Monday, October 13, 2008


Posted by Peg in South Carolina

Susan has been working on a crackle piece. After a bit of a rocky start, she is now off and weaving an interesting and lovely piece. Go here to see what she is doing.

What especially intrigues me about her piece is her use of closely related colors. Instead of the structure hitting you in the face with the fact that it is crackle, it is the interplay of closely related colors, with the bright pink dominating, that gets my attention.

This got me thinking.

I am weaving a more complex kind of crackle. I am using much finer yarns than Susan is. But I wanted to try more closely related colors to see what would happen.

I have tried two approaches.

In the first approach I decided to have the background weft be the same Using closely related colors yarn as the warp and the pattern wefts, doubled, be red, but brighter than the reds of the warp and background wefts. I threw the pattern wefts two times. Actually, what I did was to throw two different reds or oranges. That is what you see at the bottom. The effect is very subtle, though more subtle in the photo than in the actual weaving!

One of the things that distracts here is the fact that the warp is slightly different colors as it moves across. Too much busyness, in other words. But, with a solid color warp I think this has possibilities.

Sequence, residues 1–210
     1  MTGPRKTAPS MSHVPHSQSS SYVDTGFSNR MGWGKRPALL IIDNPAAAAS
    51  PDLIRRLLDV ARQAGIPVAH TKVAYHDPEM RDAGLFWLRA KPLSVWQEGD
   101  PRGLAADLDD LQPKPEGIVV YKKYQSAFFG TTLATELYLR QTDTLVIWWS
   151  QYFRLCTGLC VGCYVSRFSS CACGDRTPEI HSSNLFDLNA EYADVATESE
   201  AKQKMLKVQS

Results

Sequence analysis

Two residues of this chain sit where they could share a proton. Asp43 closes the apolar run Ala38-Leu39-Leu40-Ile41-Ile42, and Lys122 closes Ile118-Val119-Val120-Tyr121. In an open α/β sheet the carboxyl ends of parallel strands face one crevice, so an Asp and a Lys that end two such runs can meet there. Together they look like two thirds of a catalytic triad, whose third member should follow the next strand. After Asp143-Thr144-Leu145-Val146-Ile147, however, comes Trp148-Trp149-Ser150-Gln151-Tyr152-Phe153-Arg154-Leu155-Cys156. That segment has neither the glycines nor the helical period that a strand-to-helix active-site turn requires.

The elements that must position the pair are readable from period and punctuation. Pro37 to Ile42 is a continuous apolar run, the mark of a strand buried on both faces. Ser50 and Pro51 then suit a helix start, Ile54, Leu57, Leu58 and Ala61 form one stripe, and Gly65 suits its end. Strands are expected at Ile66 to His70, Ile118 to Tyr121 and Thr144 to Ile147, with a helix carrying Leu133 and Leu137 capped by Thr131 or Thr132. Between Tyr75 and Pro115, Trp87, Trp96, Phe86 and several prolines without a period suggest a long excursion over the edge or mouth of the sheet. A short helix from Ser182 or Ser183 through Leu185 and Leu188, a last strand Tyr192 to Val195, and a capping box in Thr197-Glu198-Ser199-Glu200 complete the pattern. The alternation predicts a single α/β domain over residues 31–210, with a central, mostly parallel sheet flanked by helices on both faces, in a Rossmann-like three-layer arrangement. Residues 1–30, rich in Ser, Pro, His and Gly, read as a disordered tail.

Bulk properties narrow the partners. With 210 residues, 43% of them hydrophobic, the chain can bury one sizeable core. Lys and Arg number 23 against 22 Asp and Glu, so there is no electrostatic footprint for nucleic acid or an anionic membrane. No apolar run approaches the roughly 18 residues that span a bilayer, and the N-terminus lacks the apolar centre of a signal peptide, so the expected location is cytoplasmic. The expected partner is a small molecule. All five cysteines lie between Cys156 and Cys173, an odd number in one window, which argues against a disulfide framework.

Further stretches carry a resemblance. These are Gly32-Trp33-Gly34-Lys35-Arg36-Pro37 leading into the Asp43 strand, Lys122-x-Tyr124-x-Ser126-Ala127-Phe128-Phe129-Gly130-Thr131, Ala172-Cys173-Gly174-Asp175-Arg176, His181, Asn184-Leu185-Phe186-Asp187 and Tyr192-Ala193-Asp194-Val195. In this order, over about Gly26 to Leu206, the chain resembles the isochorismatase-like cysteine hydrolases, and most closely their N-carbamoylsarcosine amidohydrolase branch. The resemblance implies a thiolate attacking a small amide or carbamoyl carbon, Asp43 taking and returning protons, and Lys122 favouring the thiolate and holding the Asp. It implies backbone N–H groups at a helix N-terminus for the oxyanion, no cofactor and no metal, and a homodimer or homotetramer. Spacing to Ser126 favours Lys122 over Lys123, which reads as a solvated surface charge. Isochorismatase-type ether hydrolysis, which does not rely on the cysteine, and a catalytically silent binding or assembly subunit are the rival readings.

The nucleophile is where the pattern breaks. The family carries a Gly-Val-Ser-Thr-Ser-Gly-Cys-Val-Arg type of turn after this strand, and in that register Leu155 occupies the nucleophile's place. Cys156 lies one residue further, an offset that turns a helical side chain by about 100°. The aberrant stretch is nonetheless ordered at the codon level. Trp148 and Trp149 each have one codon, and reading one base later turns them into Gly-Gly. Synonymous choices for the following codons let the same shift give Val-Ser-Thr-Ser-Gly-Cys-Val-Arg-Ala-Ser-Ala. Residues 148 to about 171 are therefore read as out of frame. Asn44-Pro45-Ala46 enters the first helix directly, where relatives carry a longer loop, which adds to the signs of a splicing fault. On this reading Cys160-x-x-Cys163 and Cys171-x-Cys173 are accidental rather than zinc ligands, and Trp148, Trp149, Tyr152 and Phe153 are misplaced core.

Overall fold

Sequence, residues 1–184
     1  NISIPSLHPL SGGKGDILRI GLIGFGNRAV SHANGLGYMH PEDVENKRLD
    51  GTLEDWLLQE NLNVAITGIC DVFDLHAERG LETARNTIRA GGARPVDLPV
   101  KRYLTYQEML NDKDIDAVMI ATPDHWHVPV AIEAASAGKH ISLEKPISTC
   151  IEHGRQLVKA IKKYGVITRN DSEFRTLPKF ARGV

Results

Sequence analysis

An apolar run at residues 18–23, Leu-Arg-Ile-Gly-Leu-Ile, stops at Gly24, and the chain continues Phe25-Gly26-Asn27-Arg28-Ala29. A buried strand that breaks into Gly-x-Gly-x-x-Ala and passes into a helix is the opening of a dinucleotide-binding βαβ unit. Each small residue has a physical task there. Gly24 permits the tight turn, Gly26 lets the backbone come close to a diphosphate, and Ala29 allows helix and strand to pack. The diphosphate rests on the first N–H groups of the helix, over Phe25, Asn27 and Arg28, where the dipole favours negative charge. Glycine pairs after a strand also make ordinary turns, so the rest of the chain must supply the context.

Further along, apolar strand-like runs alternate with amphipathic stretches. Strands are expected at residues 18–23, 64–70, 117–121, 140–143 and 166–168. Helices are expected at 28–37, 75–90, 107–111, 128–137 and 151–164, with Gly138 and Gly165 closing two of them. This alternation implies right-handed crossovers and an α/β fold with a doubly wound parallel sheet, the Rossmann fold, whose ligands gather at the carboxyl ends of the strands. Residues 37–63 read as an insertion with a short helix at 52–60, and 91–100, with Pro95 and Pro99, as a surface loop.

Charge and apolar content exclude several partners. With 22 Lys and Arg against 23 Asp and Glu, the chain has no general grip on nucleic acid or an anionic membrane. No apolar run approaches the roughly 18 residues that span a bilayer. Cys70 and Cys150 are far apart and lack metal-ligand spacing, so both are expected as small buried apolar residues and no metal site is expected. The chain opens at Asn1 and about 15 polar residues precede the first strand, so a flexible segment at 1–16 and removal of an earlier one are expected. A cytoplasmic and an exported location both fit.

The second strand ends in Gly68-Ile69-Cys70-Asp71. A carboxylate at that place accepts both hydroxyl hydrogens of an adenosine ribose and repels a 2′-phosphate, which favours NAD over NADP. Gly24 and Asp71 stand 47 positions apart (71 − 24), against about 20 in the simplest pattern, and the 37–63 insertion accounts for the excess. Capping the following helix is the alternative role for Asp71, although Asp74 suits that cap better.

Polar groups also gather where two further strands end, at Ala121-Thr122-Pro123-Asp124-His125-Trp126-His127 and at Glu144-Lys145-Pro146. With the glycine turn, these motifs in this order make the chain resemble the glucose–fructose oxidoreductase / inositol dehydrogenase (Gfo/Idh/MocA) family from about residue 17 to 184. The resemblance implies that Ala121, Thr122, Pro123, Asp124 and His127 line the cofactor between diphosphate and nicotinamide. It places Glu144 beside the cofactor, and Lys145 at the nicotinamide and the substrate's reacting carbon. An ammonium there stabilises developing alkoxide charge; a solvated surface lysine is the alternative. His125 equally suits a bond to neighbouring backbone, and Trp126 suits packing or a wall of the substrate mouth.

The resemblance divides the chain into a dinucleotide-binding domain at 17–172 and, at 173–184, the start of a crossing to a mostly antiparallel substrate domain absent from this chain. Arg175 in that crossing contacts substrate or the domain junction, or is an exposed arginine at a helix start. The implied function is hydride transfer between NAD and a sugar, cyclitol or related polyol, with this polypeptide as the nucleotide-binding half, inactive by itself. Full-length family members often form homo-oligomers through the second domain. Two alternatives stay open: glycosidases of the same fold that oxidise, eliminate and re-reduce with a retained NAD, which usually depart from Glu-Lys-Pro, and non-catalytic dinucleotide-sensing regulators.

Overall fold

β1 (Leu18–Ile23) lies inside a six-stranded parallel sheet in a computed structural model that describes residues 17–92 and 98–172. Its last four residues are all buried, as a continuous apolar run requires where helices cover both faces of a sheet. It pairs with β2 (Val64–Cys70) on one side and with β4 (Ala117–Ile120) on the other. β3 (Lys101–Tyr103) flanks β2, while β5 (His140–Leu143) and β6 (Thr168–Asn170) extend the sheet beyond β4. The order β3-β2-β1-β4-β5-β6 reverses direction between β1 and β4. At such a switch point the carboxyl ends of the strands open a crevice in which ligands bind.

In the second approach, I first used a bright dark blue for the background weft and two greens for the pattern. Yes, you cannot see the greens in the photo. I can’t particularly see them in the actual fabric either…

So I continued to use the bright dark blue for the background, and then two reds for the pattern wefts. One red was a bright red, the other one of the warp yarns. The duller red had some effect on the bright red, but not a whole lot. Why? Because the dull red was a 60/2 bombyx silk and the bright red was the much shinier silk organzine. The blue background weft is also the shinier silk organzine.

So, thank you, Susan! I haven’t quite got what I want yet, but it is a beginning! Indeed, I may have to turn to traditional four-shaft crackle to develop these ideas.

I don’t have much warp left to weave with. As you can see here, the Over the back beam back rod has come over the back beam and is moving relentless towards the heddles. I’m not quite done with the red and blue and then I want to try something quite ridiculous. Then off the loom she comes!

Related Post: Threading 4-shaft Crackle

"Inspired by Susan of Centerweave" was written by Margaret Carpenter for Talking about Weaving and was originally posted on October 13, 2008. © 2008 Margaret Carpenter aka Peg in South Carolina


Susan B. said...

Wow,Peg,you are so welcome! But the thanks and inspiration go to you, you know. You really mentored me through this project. And your crackle certainly inspired me though mine doesn't look like yours at all! My fiber is heavier and the Mango Moon is so many different colors within a half inch!
Wow again! Thank you!

Susan B. said...

And I can't wait to see the something ridiculous!

Peg in South Carolina said...

Susan, good students are known for inspiring teachers. Yes, I understand about the Mango Moon. And my suspicion is that photography does not do the greatest of jobs in capturing the effect. So thank you, and you're welcome!